Azhagi: Stringing a strong story to the tunes of yazh

Released by Uru Custom Instruments in collaboration with In Frame magazine, the video is touted as the world's first recorded song on yazh.

Published: 15th March 2021 01:23 AM  |   Last Updated: 15th March 2021 01:23 AM   |  A+A-

A still from 'Azhagi'

A still from 'Azhagi' (Photo| YouTube screengrab)

Express News Service

CHENNAI: The deep bellow of a conch, the imagery and strains of a seven-string sengotti yazh (a harp-like ancient instrument) and evocative hums. Within the first 30 seconds of the recently released three-minute music video Azhagi, we are tucked into a world that functions beyond the frames of a certain period.

Luthier-musician Tharun Sekar, rapper Syan Saheer and artiste Sivasubramanian aka The Nomad Culture, clad in khadi dhotis, appear on the screen and take us on a hauntingly beautiful musical journey one which lingers even moments after the credits roll.

The song narrates the story of a girl, whose beauty is not defined merely by her looks but by her powerful character. The lyrics herald her arrival and are reflective of a conversation between scholars and a king about Azhagi's superpowers.

Released by Uru Custom Instruments in collaboration with In Frame magazine, the video is touted as the world's first recorded song on yazh.

"The instrument's existence can be traced back to about 2,000 years in Sangam literature. However, its usage was lost in time," says Tharun, founder of Uru, who has revived and recreated lesser-known traditional instruments including the yazh and integrated them into usage.

With no reference on how to play the ancient instrument which finds a place in classics including Silappadikaram and Tholkaapiyam, Tharun embarked on a long journey to understand and learn the instrument on his own. "The notation system was similar to that of a guitar, and I slowly found my way through that. However, it took a lot of practise and continues to be a learning process," shares Tharun.

The minimalistic sounds of the swan-shaped yazh by Tharun is seamlessly weaved with alluring lyrics by Siva and Syan and further elevated by the striking visual imageries of sweeping fields, an old-worldly theppakulam (temple tank) and looming dark clouds captured by Naveen Sekar.

"The lyrics were originally written for a comic book. But when Tharun heard it, he loved it and we decided to jump on making a video with the yazh. The artistic process for the video began earlier in September 2020 between the three of us and it slowly progressed from there. We had to fine-tune the song, make changes to the lyrics and musical elements and it was a long process. We began recording and shooing the video in December 2020," shares Siva.

The video was shot in places like Alagar Koil and Mangulam in Madurai. "We travelled to different places and explored spaces that suited the tones of our videos. We made use of a family member’s backyard in a village in Madurai a strip of farmland and visited a hilltop in Mangulam to capture the visuals. It was an interesting experience," shares Syan of Madurai Souljour, who adds another unique dimension to the video, through a beguiling Tamil rap portion.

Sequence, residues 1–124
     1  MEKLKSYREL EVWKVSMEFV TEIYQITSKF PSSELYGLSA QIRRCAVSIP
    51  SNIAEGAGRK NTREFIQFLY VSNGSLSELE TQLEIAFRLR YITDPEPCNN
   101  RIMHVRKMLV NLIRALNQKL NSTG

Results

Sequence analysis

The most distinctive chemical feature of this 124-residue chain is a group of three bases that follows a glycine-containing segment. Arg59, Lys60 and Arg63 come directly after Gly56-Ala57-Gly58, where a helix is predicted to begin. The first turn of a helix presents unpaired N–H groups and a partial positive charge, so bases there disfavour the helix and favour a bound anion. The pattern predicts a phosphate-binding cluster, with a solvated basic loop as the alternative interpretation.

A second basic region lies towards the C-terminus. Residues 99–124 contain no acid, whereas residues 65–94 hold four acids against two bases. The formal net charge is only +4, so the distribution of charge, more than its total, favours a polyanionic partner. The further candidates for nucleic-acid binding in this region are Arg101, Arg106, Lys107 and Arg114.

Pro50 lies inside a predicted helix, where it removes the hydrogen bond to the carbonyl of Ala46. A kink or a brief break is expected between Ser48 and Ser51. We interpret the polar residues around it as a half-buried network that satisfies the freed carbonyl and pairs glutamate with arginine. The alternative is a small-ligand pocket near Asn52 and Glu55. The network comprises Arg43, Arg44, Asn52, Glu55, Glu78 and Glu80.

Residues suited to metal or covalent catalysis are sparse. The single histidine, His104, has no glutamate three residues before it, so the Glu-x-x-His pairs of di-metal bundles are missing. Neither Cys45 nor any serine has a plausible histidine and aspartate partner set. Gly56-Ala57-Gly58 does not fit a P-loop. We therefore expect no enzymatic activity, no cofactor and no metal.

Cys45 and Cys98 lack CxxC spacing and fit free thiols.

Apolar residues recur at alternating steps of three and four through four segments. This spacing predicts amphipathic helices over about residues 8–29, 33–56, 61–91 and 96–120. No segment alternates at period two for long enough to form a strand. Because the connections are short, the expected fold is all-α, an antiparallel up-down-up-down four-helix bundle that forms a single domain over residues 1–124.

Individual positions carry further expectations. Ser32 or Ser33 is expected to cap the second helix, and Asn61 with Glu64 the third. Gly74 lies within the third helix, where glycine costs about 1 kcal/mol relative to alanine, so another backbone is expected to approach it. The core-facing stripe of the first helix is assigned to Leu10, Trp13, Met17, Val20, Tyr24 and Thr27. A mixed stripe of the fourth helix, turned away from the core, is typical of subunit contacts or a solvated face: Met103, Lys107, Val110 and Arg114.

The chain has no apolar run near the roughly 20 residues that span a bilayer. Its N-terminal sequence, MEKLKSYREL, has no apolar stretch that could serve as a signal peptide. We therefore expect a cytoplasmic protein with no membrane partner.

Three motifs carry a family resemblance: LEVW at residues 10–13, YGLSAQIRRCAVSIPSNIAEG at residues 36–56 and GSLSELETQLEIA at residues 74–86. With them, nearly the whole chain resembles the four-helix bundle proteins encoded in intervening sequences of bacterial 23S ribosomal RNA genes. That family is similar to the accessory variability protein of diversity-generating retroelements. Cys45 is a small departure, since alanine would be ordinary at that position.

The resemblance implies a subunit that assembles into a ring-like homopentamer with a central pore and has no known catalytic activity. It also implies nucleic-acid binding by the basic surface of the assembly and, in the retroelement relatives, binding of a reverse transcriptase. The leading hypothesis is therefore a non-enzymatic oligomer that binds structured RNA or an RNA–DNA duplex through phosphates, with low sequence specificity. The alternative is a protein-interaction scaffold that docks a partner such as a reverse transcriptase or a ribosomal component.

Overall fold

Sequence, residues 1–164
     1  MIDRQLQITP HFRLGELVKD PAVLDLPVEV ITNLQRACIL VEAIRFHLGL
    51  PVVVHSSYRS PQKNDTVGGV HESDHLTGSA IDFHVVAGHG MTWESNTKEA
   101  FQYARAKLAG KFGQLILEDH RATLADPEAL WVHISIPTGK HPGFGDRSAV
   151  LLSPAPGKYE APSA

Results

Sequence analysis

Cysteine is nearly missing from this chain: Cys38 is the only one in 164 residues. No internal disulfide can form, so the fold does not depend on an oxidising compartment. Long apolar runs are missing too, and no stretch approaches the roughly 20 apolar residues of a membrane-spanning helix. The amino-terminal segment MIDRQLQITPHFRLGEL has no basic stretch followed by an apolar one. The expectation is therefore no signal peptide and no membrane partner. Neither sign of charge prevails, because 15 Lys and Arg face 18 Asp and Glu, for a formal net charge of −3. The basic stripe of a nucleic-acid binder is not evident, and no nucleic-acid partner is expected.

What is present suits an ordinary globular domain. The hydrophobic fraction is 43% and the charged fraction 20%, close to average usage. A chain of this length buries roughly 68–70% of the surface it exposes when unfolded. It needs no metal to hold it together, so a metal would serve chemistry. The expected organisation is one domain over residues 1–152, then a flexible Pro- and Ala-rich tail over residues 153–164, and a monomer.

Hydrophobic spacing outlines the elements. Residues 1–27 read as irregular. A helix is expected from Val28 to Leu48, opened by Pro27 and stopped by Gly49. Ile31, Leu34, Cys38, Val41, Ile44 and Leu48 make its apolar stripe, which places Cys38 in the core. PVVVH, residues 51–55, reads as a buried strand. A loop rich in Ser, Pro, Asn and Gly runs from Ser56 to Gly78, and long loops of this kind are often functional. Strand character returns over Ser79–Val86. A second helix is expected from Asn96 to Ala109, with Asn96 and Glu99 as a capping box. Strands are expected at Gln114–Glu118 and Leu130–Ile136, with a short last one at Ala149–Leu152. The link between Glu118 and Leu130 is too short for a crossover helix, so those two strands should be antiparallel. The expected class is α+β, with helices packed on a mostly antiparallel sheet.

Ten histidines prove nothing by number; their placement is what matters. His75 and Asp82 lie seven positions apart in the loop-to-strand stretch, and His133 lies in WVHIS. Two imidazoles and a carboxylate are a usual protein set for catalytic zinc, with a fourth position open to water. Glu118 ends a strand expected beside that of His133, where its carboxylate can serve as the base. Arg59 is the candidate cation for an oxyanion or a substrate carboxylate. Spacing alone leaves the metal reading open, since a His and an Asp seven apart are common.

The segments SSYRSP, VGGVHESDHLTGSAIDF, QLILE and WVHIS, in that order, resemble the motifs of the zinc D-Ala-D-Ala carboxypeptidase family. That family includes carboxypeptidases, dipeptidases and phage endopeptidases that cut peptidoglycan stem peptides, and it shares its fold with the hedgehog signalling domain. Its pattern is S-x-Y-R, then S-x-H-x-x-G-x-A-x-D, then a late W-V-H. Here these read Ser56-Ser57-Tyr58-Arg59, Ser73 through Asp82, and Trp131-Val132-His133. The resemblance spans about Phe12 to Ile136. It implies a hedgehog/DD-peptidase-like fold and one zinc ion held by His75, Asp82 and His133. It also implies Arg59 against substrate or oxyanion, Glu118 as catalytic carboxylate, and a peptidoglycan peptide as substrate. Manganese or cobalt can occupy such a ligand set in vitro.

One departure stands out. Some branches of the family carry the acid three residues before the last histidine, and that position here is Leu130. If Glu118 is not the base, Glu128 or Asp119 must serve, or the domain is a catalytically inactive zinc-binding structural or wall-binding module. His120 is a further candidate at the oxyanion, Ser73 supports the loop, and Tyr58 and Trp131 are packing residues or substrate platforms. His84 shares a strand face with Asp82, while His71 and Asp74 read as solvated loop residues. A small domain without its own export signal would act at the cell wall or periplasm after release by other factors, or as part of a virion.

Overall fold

To record an instrument long-lost in time could have been a Himalayan task. Tharun agrees. "The instrument, I found, was more responsive to space. So, positioning the mic and recording its live sound was quite tough. While we haven’t been able to capture it fully, through what we have learned so far, we are hoping to adopt and make the experience better in the future," shares the artiste, who is currently working on creating different kinds of yazh, including a 14-stringed yazh. Hinting at a future collaboration, the trio says that four to five more songs are in the pipeline.  

Uru, Tharun says, has been getting enquiries from two kinds of people those who are keen on learning the cultural and traditional history of the instrument, and those who are fascinated by its sound. To cater to both, Tharun is currently working towards making its playability adaptable and curating yazh-specific events.

"We will also have basic classes, lessons and a syllabus in place for anyone who wishes to learn it. The larger vision is to take the sound of the yazh to as many digital platforms as possible and integrate it. I also want to break the myth that the instrument can only be used to play classical music. There are plans to conduct jamming sessions with artistes of various genres with the yazh taking centre stage," he shares.   

(For details, visit Instagram page @uru_custominstruments. Video available on In Frame Magazine’s YouTube channel)

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